"The greatest compliment you can give a freshman is that he never played like a freshman," said football Defensive Coordinator Michael Kelleher.
If one thing is certain, it is that last season — with a total of 57 tackles, several game-changing interceptions and an appointment to the All-Ivy Second Team — cornerback A.J. Cruz '13 never played like a rookie. "I don't think there is anything he could do on the field that would surprise me," Kelleher said.
Cruz earned Ivy Weekly Honors in six of 10 games, was named Ivy League Rookie of the Week after an impressive performance against Cornell and was honored as the Ivy League Defensive Player of the Week after a game-saving interception against Yale. Tri-captain linebacker Andrew Serrano '11 described Cruz as "a super-athletic guy" who is "definitely going to have a huge impact on the team this year."
Though the team will return some starters, like Cruz and Serrano, it will have to look further to fill the holes left by the class of 2010, both on offense and defense. According to Cruz, coaches have been emphasizing the transition to a team without "Buddys and Bobbys," referring to former wide receivers Buddy Farnham '10 and Bobby Sewall '10. And the defense lost five players from the class of 2010, which means new faces in key roles.
Because of this, the returning players' focus is "to come together as a team, to have each others' backs," Cruz said.
Kelleher describes the team's philosophy as each man having his "job" to do on the field.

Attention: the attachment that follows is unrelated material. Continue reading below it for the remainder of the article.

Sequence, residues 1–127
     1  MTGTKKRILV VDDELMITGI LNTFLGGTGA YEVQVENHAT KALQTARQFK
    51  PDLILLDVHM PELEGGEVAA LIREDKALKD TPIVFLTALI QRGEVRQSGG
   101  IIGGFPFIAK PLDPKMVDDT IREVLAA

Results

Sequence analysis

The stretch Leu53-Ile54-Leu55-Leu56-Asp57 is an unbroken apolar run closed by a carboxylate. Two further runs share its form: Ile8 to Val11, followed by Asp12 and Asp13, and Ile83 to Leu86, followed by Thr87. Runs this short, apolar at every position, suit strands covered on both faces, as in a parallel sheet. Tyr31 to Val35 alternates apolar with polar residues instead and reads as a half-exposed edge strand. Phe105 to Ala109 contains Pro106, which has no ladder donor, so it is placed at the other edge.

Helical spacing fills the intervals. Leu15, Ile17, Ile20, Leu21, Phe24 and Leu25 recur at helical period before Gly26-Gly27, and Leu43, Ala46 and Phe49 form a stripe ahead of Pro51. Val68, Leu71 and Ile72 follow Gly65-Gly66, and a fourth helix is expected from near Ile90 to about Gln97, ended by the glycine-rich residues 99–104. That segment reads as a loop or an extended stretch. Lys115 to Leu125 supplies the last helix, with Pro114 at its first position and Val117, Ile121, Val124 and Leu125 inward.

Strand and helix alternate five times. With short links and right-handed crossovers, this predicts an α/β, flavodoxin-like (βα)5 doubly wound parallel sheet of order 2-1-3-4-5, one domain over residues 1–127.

"Defensively, if we have 11 players doing their job, we'll be a lot stronger," Kelleher said. "This season, our motto is ‘We are a team.' "
The defensive line is physically smaller than it has been in the past, but what the group lacks in size, it makes up for in speed and agility.
"We're going to play a lot faster, play more disciplined and play as a team more than we did last year," Serrano said.
Cruz described a pre-practice ritual that encourages leadership from the entire team.
"Whether it be a junior, senior, sophomore, from players who maybe don't play that much to the starters and captains, we always have someone go up and kind of get us going before practice," Cruz said. He describes the leadership in these pep talks as less individual and more team-based.
In preseason, the defense has been practicing mostly against the Brown starting offense, but as the season approaches, its focus has shifted toward preparing for opponents.
Serrano stressed the importance of having the scout team help the defense prepare for different offensive strategies.
"We can't always play our (starting) offense in practice, so having our scouts play well helps us prepare to take on other teams," Serrano said.
The Bears' first game is a rematch of last year's season opener, when they suffered a devastating 21-20 loss to Stony Brook. The defense is looking to come out with a better result this Saturday.
"They are a well-coached team and will be a good match for us physically," Kelleher said. "Our foundation has always been defensively to stop the run first, and this will be a good gauge to let us know where we are."
Stony Brook's offensive line averages close to 300 pounds across the board, which will present a challenge to the Bears' defensive linemen.
"They're bigger than we are, but we're faster," Serrano said.
Though the team is trying to focus all of its energy on preparing for Stony Brook, it is difficult not to look ahead to the team's second home game.
"I'd be lying if I said we can go a day without someone talking about the Harvard game," Kelleher said.
The team is also looking ahead to a rematch of last year's defensive battle against Penn, Cruz said.
Penn led the Ivy League in points last season , but the Bears were able to hold strong, only allowing one touchdown in regulation, but losing 14-7 in overtime.
Other defensive players to look out for this season include Chimso Okoji '11 and Phil Roffi '11, experienced players who will take over starting linebacker roles this season.